Source Dan Scanlan
Date 03/06/19/10:23

Toronto Sun     June 15, 2003

U.S. media caved in to the Bush agenda

By Eric Margolis -- Contributing Foreign Editor

Why, readers in the U.S. keep asking me, are so many Americans
unconcerned their government appears to have misled them and Congress
over Iraq, and then waged a war with no basis in law or fact?

Why is there growing outrage in Britain over Tony Blair's equally
exaggerated or patently false warnings over Iraq, while middle
America couldn't seem to care less about George Bush's "Weaponsgate."

One answer is found in an old joke.

Greenberg is sitting in a bar. He goes up to Woo, a Chinese
gentleman, and punches him.

"Why'd you do that?" cries Woo.

"Because of Pearl Harbor," snarls Greenberg.

"But I had nothing to do with Pearl Harbor, I'm Chinese!" says Woo.

"Chinese, Japanese, it's all the same to me," answers Greenberg.

A month later, Greenberg sees Woo in the bar and apologizes to him.
The Chinese gentleman smiles, then punches Greenberg.

"Why did you do that?" cries Greenberg?

"Because of the Titanic."

"What do I have to do with the Titanic?" asks Greenberg.

"Greenberg, iceberg, it's all the same to me."

Iraqis, Iranians, Pakistanis, Saudis, Taliban, al-Qaida ... it's all
too much for many geographically challenged Americans. Don't bother
us with the details and strange names, they say, kill 'em all, God
will sort 'em out. The Muslim 'A-rabs' did 9/11 and we got revenge.
Whacking those I-raqis made us feel a whole lot better. So what if
Saddam didn't really have the weapons of mass destruction good ol'
George W. Bush said endangered the entire world? All politicians lie.
So what?"

First, venting national outrage over 9/11 was one factor that helped
form this group-think.

Second, starting with Afghanistan, the Bush White House threatened
big corporate media it would be held "unpatriotic" and occasionally
hinted at unspecified reprisals if coverage did not actively support
the war effort there and in Iraq.

Big media too often caved in, sometimes sounding like a public
relations arm of the administration.

Third, there was near total domination of Iraq media commentary by
the special interest groups that helped to engineer this phony war.
Almost all of it in the lead-up to war was done by self-serving Iraqi
exiles, uninformed generals and neo-conservatives from Washington
think-tanks sometimes echoing the views of Israel's Likud party. In
short, a media lynch mob developed, endlessly repeating that
Baghdad's terrifying killer weapons were about to blitz the U.S.

I scanned the major U.S. networks for voices challenging the
distortions and bunkum coming from the White House and neo-cons.
There was virtually none.

Group-think and the big lie prevailed. The British and Canadian media
carried both pro- and anti-war views; as a result, there was far more
healthy skepticism in both nations about the war than in America.

By contrast, much of the U.S. mainstream media muffled criticism,
became part of the war effort and devoted itself to patriotic
flag-waving. Americans would have been totally misled had it not been
for such Internet sites as, Bigeye and LewRockwell, and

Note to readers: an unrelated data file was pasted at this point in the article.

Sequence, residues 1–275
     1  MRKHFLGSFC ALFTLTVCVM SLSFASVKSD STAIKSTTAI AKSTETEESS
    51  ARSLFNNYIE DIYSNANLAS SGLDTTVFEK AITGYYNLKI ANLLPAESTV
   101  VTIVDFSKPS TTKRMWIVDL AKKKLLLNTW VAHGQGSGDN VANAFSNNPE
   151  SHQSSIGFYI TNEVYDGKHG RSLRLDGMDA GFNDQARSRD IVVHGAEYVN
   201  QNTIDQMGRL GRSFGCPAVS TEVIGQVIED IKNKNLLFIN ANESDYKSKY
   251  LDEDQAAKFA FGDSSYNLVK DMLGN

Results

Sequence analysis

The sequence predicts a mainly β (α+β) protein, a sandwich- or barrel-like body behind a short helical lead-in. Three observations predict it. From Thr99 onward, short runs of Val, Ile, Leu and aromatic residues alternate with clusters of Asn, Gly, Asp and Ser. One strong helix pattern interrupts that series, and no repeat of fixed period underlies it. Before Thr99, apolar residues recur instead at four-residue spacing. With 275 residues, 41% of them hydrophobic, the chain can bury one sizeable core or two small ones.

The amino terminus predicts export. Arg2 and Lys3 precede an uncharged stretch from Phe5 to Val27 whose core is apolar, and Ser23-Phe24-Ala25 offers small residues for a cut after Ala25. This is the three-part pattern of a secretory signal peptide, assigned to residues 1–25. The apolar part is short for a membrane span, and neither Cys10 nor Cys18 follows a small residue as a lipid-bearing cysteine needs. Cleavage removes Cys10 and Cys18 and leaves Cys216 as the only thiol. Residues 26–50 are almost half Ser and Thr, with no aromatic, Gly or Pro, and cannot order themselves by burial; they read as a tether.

incisive magazines such as American Conservative and Harpers.

Even the august New York Times allowed itself to be used. Right now,
the Times is hand-wringing about two cases of plagiarism and phony
reporting by staffers. It should instead be anguishing that its pages
trumpeted phony reports about Iraqi weapons and links to al-Qaida
that came from anti-Saddam exile groups and the pro-war cabal in the

Most so-called Iraqi "experts" on TV, including some colleagues of
mine, merely regurgitated what they had read in the morning's Times.
The Times and much of the major media were duped, to put it politely,
abandoning their vital role in our democratic system as tribune and
questioner of the politicians.

So, too, the Democratic party, which, as war fever was being stoked
by the Bush administration and the press, shamefully rolled over and
played dead - with the exception of that great American, Sen. Robert
Byrd of West Virginia, who long ago denounced Bush's Iraq
misadventure, and who now demands a full investigation of how
Americans and their Congress were misled.

Absurd exaggerations

The black comedy continues:

* Bush citing what turned out to be crudely forged documents in his
state of the union address. * "Drones of death" that turned out to be
rickety model airplanes. * The "decontamination" trucks cited by
Colin Powell that turned out to be fire trucks when inspected by the
UN. * The notorious "mobile germ labs" the British press now reports
were for inflating artillery balloons and, in fact, were sold to Iraq
by the U.K.

Some British and American intelligence officers are accusing their
governments of outright lies or absurd exaggerations.

Maybe Americans have become brain-dead from too much TV. Maybe they
don't care terrorism is surging, or that recent polls show the U.S.
is reviled, hated, or distrusted around the globe thanks to this
administration and its neo-con mentors. Maybe they don't understand
that over 288 Americans and an estimated 26,300 Iraqi civilians and
soldiers have so far died in a totally unnecessary conflict. Or that
the U.S. in now stuck in an ugly little colonial war in Iraq, its
very own West Bank and Gaza.

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